Some innovative ways to lose weight in the media the last couple of days: The New York Times reports that the concept of diet betting, that is, challenging your friends or co-workers to a contest to see who can shed the highest percentage of their BMI (an extremely flawed measurement, by the way, according to political science professor J. Eric Oliver) seems to bring good results, especially if cash is thrown in to sweeten the pot.
As competitive as I am, though, I'm not sure this would be a good concept for me. This is borne out by reading the piece, which looks at a few of these contests, but finds only one woman competitor (she lost).
Women and weight is a thorny issue, to say the least, and a rough-and-tumble atmosphere created by a contest would seem to be counter-productive--an exercise in adding to self-esteem issues for a population that already has plenty of them.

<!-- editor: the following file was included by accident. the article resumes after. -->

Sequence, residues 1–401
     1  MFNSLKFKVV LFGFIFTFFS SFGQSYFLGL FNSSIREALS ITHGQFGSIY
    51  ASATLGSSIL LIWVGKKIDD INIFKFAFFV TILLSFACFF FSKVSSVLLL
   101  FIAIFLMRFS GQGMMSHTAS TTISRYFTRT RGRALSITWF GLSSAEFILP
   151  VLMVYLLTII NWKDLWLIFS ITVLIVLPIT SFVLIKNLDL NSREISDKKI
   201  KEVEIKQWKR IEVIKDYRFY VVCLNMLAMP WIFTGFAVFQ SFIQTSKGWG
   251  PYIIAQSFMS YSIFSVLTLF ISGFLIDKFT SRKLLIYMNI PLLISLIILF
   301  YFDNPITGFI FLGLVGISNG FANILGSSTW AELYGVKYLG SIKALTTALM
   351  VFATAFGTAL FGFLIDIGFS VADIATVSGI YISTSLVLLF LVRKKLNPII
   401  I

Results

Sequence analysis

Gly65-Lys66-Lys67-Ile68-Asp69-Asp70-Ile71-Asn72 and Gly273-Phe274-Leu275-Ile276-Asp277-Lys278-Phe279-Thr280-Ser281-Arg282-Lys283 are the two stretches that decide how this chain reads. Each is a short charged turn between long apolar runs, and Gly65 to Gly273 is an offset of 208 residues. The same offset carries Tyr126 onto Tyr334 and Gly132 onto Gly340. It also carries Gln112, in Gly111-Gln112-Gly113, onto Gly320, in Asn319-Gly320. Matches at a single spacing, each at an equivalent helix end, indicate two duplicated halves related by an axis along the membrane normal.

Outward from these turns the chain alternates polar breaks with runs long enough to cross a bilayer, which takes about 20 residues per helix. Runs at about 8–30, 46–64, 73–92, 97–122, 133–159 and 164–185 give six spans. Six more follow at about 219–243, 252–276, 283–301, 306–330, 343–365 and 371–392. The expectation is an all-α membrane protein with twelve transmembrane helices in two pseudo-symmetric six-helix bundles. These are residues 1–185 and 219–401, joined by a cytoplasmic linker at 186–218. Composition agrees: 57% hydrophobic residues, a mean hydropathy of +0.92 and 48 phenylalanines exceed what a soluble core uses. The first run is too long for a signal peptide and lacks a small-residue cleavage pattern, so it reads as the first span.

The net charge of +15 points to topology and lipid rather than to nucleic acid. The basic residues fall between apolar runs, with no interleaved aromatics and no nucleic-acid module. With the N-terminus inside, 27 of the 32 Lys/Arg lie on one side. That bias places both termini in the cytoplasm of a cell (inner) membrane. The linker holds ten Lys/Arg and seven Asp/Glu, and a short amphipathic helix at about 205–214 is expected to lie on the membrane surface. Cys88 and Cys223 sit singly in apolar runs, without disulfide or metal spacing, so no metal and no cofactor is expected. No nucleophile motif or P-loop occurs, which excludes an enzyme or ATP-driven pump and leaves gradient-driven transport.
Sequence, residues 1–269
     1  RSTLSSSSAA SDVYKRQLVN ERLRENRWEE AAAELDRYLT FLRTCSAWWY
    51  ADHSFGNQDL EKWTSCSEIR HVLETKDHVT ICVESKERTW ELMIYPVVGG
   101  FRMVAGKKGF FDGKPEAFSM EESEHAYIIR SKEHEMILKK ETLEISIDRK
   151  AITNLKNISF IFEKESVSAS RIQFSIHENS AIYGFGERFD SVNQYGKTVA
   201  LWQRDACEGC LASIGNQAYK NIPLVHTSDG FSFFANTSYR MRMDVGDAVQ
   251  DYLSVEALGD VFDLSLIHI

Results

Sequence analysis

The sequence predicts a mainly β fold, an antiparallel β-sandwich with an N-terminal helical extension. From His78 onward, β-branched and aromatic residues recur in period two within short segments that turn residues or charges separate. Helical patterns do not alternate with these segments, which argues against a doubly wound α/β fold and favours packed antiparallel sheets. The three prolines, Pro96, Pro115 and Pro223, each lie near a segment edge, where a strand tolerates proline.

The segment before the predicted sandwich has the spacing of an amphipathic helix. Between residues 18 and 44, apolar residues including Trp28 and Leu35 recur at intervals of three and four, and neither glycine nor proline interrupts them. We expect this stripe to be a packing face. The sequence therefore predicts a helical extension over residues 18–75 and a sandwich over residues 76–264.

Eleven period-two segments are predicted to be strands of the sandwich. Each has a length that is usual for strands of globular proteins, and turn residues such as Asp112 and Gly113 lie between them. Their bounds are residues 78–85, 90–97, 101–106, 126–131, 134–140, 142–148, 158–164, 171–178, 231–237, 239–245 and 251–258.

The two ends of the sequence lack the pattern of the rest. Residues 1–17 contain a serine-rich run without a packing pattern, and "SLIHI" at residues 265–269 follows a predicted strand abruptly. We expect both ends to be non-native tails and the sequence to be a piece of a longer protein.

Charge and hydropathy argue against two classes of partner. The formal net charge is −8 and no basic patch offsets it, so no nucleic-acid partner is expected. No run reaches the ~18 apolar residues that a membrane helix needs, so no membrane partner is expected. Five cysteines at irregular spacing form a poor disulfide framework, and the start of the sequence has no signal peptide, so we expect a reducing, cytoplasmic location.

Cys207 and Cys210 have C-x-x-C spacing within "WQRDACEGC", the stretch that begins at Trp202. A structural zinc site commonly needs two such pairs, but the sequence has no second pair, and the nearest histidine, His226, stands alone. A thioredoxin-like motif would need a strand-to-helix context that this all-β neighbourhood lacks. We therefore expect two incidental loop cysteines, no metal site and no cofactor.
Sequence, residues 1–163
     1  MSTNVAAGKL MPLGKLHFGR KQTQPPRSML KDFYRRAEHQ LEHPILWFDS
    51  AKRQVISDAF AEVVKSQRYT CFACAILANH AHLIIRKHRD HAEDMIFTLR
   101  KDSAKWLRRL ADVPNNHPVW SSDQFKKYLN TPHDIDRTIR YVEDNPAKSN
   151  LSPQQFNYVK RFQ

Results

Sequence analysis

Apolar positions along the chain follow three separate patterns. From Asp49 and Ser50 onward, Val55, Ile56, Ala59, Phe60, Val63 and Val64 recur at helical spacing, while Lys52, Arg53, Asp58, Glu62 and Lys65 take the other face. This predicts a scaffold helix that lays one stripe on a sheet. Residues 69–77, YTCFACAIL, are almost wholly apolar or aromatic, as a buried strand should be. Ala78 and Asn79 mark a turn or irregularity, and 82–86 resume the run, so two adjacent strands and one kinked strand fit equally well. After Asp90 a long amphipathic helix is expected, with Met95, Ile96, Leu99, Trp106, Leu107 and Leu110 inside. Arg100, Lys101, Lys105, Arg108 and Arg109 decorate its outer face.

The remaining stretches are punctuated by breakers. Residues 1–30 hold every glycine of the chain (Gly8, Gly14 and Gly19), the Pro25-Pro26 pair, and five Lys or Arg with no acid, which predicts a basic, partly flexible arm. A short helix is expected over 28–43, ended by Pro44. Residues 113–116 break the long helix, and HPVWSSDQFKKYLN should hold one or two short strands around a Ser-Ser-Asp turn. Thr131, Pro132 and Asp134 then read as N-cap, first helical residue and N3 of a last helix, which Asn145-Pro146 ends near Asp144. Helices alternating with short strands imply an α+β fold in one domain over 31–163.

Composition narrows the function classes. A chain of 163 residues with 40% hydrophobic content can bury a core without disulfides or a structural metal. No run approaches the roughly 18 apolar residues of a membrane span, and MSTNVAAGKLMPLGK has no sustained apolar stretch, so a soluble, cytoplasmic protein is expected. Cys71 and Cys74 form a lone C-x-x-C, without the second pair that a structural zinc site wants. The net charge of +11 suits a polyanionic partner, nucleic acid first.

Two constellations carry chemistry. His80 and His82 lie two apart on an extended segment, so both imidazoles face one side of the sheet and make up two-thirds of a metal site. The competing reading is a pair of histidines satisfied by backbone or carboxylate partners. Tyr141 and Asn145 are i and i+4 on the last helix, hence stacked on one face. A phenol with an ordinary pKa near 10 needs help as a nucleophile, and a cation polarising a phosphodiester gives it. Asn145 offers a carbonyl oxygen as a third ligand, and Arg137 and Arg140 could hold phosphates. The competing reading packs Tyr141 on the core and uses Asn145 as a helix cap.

Still, I'm sure there are exceptions to this rule--women who are avid competitors and who would relish the chance to win some bucks with their dieting prowess, honed from a lifetime of experimenting with various weight-control measures.
In other fitness news, the walkstation, seems to be gaining more ground. For those who are just too dynamic for even a stand-up desk, the walkstation marries a desk with a low-speed treadmill, so you can walk while you work. According to Hotels magazine, the Marriot Hotel in Grand Rapids, MI, is the first hotel to feature the walkstations in its business center. (Of course, in that part of the country, you need to keep moving just to stay warm.) At a stately 2 miles per hour, you're only going to burn about 180 extra calories per hour, so, if you're actively trying to lose weight, don't use your walkstation as an excuse to supersize your order of fries. But the benefits of moving while working transcend weight loss--clearer thinking, increased energy without caffeine, and a good excuse for getting off the phone ("gotta go, my treadmill is malfunctioning") are some of the hidden advantages.